Arches National Park is notoriously named after its soaring stone arches, pinnacles, and balancing towers. The unique curves and configurations of the wrinkled earth are most popularly explored by foot or car, whether it be route finding in the Fiery Furnace canyon or cruising along the Windows Section road. An easy to reach viewpoint of a large boulder balanced on a narrow pillar can be found during the 20-minute paved route of the Balanced Rock loop trail. For a more moderate hike, Park Avenue dives into a deep canyon and arrives at the almost 5,000-foot spires known as the Courthouse Towers. A scenic drive to the Delicate Arch Viewpoint presents the mesmerizing free-standing arch, perhaps best admired during sunset when the red and orange hues are at their peaks. Although hiking comes to a close with the setting of the sun, Arches Park provides one of the most spectacular views of the night sky. Due to minimal light pollution, the park is certified as an international dark sky park with the Panorama Point being a great viewing space open every night from dusk to dawn.

Bryce Canyon is a superior spot for outdoor excursions, night sky viewings, and wildlife sightings. Credit: National Park Service

Bryce Canyon is a superior spot for outdoor excursions, night sky viewings, and wildlife sightings. Credit: National Park Service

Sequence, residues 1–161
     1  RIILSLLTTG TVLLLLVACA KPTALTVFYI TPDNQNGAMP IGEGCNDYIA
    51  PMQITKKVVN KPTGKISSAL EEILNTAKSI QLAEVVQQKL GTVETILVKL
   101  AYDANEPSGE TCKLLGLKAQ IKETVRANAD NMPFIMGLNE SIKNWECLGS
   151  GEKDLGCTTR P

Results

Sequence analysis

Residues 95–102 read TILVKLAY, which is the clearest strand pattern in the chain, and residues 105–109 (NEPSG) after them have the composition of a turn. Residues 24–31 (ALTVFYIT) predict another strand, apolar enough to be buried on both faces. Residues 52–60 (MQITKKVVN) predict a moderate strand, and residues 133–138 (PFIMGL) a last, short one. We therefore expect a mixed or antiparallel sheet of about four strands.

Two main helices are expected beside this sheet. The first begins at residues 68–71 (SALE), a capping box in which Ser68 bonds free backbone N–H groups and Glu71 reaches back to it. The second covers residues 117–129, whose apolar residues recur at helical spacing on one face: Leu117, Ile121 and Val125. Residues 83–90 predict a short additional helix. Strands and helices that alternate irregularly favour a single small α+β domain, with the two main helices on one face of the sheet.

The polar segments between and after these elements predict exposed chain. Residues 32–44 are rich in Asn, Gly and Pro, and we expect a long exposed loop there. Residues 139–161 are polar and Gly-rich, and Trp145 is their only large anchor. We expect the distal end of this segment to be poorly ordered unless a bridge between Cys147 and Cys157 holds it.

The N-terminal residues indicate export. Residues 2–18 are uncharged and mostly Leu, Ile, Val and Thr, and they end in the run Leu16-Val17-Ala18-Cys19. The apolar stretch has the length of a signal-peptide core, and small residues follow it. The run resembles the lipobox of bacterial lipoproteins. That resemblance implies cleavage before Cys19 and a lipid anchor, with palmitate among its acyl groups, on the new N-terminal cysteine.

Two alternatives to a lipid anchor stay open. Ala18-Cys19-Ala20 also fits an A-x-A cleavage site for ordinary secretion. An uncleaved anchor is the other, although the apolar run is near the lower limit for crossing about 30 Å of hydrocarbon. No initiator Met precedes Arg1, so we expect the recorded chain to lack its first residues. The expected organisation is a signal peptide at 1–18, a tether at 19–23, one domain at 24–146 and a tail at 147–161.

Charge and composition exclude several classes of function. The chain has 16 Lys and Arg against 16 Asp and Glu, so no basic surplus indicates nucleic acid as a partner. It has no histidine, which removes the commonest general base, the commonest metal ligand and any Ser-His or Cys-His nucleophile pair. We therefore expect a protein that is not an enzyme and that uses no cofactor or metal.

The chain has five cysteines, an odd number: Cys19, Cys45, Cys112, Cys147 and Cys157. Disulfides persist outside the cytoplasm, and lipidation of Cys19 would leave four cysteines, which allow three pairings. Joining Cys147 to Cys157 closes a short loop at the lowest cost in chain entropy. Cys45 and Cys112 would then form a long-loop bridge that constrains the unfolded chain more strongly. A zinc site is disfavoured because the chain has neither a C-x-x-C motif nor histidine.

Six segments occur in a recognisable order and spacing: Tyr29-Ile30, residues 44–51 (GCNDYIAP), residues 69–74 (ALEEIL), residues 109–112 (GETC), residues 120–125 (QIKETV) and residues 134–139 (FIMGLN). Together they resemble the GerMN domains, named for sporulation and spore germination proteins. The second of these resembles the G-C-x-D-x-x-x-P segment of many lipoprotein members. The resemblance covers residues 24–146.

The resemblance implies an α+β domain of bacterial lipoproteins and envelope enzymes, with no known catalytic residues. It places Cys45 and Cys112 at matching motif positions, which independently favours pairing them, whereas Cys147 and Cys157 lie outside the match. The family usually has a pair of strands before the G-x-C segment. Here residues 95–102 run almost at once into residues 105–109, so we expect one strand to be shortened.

Bryce Canyon National Park

The high elevations and hundreds of hoodoos which decorate Bryce Canyon have designated this park as a superior spot for outdoor excursions, night sky viewings, and wildlife sightings. Possibly the most iconic area of the park is Bryce Amphitheater, which has the largest concentration of hoodoos. These irregular rock spires can be best admired from viewpoints including Bryce Point, Inspiration Point, Sunset Point, and Sunrise Point. Popular day hikes such as the Bristlecone Loop and Swamp Canyon Loop lead to rewarding overlooks of canyons dotted with blue spruce trees and singing songbirds. The Southern Scenic Drive weaves along the main park road and encounters highlights such as Bryce Amphitheater, Rainbow Point, and Natural Bridge, and guided horseback riding trails are offered along rocky paths with the hopes of spotting a Utah Prairie Dog or Uinta chipmunk. Being a sanctuary for natural darkness, Bryce Canyon provides expansive sites, namely Yovimpa Point, to gaze at the Milky Way constellation or galaxies dancing around a glistening new moon.